You the reader can see from the above, why I have had to resort to this method of getting correspondence answered. However I feel that it has its advantage as it permits the many to see what the others are doing, and are interested in.

These bulletins are mailed to everyone, who has a letter answered in it, as well as all persons on our regular subscription list. Every person who buys or contributes in the amount of $5.00 per year or more. Many who do not fall in this last category have become subscribers to this Bulletin only at the price of $2.00 per year. It is also mailed to many societies and other wise who exchange their similar bulletins with us. SUBSCRIBERS TO THIS BULLETIN – Please note – Membership cards have not been prepared as yet, but we have your order recorded to insure that you will get this copy and those in the future.

All those buying copy of the Special Edition of BOOK 10, will note that we have changed our general outline of reporting this information. Here after all editions or volumes will be set up in this manner. A few generations of a direct linage then one or two strains with all known descendents covered each in his own direct line.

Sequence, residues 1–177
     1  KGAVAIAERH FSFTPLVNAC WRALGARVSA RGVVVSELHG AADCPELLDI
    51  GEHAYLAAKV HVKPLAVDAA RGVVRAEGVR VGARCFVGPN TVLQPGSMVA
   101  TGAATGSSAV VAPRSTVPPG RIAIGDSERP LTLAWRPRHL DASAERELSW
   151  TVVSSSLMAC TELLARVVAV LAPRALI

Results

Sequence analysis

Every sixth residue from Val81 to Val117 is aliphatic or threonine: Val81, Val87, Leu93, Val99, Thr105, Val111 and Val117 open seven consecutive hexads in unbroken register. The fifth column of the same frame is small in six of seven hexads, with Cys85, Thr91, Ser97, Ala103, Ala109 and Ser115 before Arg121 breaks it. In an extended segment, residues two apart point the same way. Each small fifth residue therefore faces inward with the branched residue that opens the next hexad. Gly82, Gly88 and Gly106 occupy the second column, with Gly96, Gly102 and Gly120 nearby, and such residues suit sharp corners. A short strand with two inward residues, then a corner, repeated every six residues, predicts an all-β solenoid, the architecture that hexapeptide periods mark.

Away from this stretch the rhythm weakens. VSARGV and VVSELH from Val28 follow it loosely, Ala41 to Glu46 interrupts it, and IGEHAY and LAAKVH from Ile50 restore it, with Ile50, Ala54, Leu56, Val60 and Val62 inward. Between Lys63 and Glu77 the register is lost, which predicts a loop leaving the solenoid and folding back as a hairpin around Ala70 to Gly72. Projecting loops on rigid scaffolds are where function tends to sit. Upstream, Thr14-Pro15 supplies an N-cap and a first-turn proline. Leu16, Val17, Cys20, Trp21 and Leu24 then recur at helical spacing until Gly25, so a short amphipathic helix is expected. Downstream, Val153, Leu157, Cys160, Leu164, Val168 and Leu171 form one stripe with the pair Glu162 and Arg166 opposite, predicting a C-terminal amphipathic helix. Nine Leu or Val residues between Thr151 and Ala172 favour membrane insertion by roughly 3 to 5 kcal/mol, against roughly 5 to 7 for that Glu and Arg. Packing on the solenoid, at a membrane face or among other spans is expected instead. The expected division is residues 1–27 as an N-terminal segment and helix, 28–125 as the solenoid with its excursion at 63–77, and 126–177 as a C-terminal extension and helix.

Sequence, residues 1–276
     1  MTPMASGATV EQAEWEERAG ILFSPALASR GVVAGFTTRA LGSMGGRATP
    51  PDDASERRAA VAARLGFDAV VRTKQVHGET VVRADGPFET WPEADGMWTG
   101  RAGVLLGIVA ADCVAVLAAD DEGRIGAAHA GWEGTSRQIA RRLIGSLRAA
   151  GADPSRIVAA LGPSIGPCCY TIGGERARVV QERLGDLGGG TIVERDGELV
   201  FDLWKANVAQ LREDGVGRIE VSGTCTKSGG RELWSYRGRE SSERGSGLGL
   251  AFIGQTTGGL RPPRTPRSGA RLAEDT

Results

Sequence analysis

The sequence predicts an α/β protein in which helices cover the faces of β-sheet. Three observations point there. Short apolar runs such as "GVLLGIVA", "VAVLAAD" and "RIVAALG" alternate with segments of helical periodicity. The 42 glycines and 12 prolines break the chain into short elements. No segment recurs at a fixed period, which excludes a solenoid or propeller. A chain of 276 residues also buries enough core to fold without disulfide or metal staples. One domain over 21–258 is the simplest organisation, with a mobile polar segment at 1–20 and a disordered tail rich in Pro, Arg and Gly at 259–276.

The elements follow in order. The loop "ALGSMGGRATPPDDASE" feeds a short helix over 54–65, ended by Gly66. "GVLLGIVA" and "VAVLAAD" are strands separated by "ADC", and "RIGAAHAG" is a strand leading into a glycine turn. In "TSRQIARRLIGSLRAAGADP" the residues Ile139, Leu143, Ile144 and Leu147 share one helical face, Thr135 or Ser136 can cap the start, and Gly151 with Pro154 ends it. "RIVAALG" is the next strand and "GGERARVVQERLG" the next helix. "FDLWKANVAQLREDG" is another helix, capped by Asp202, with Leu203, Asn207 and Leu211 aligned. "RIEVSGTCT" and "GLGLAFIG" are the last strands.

Our hopes for 1968 are to compile enough more pages of persons connected to the original 5 generations in this Special Edition, to enlarge it to a 500 page volume, page numbered and indexed. We hope to have this ready before year end. The pre-publication price will be $10.00 per volume. After release $15.00 per volume. If we receive 500 pre-publication orders before Oct. 1, 1968, we will have this printed instead of mimeographing it. Printing prices are based on quanity [sic] and 500 copies is the minimum where the price above is possible.

If the above materializes as we hope. Then we are looking ahead to 1969 when we will try to get out similar 500 page volumes of BOOKs 1 and 9.

On the Catalogue sheet you will note that we have raised the price of all editions, this was due to the increase in costs of both paper and postage.

Thank you all for bearing with me and reading the pages ahead.

Sincerely Ira Elmore Bishop – Compiling

CATALOGUE SHEET          BISHOP FAMILIES in AMERICA

March 1, 1968                         18013 Armitage Ct. Homewood, Ill. 60430

 

ITEMS – available for immediate mailing.

Editions 1 & 2 BOOK 1, JAMES BISHOP, to New Haven, Conn, 1638